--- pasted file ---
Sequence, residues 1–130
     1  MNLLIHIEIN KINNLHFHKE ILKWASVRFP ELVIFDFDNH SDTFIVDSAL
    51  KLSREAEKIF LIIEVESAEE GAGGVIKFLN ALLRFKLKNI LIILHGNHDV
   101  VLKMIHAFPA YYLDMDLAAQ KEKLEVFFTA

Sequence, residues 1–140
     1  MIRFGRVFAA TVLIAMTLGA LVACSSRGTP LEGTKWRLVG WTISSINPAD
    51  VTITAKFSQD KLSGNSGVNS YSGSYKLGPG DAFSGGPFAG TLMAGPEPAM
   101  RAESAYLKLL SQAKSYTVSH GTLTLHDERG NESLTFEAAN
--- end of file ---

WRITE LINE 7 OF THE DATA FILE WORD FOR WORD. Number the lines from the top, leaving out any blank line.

    51  VTITAKFSQD KLSGNSGVNS YSGSYKLGPG DAFSGGPFAG TLMAGPEPAM